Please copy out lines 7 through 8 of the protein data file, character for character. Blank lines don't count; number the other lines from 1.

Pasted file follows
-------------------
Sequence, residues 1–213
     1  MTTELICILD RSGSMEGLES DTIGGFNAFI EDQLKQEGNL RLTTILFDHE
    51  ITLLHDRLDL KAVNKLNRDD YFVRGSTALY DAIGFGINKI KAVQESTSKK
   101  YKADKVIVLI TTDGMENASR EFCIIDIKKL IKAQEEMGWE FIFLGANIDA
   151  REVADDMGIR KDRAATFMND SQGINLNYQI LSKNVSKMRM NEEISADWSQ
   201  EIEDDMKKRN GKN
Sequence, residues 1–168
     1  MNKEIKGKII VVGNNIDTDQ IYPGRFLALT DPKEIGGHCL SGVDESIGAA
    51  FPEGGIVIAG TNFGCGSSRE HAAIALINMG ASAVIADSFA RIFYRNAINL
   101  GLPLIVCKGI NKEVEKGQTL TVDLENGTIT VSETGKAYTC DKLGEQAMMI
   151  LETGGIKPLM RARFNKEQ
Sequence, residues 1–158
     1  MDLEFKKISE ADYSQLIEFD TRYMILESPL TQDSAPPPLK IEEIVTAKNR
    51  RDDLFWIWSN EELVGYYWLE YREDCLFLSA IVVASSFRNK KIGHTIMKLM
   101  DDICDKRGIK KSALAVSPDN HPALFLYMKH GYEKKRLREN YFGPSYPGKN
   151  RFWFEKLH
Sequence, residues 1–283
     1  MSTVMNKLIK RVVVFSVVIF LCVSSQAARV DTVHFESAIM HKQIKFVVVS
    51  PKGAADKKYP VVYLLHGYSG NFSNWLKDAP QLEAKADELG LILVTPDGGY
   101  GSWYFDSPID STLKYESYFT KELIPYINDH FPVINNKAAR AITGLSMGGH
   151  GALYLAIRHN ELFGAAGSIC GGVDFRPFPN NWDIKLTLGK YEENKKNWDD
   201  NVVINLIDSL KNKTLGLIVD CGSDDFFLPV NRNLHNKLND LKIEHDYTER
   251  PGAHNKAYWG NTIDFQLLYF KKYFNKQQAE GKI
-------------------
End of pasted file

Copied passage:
Sequence, residues 1–168
     1  MNKEIKGKII VVGNNIDTDQ IYPGRFLALT DPKEIGGHCL SGVDESIGAA